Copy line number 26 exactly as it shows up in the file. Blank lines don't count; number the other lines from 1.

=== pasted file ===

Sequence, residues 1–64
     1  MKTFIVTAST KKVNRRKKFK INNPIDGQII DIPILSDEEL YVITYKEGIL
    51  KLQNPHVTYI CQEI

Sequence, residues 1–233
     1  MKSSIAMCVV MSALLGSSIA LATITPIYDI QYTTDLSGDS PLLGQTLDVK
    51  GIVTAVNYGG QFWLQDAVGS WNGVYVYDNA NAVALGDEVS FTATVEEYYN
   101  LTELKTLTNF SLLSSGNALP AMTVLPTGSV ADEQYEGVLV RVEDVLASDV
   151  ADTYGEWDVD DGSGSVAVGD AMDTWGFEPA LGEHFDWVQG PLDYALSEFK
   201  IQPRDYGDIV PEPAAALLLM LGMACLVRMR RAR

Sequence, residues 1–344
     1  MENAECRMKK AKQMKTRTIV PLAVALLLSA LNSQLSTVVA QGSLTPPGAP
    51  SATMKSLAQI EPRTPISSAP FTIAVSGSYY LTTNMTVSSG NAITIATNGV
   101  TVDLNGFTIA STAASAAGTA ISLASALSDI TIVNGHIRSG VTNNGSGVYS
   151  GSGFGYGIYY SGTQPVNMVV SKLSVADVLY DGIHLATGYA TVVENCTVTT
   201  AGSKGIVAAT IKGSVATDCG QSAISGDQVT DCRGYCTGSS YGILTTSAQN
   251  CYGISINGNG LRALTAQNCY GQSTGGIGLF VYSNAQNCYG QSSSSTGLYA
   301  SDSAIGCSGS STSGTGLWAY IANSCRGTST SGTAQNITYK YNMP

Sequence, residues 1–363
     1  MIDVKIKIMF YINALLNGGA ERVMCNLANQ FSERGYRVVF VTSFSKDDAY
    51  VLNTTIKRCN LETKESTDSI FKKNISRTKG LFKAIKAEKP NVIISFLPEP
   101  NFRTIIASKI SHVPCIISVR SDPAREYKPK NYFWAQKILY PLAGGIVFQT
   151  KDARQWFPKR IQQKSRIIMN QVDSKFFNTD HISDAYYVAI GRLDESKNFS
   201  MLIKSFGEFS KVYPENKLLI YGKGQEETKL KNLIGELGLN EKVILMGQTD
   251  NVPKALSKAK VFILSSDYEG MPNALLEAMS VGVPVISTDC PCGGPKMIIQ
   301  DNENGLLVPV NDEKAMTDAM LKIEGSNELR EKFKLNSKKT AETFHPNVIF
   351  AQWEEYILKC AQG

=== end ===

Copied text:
   351  AQWEEYILKC AQG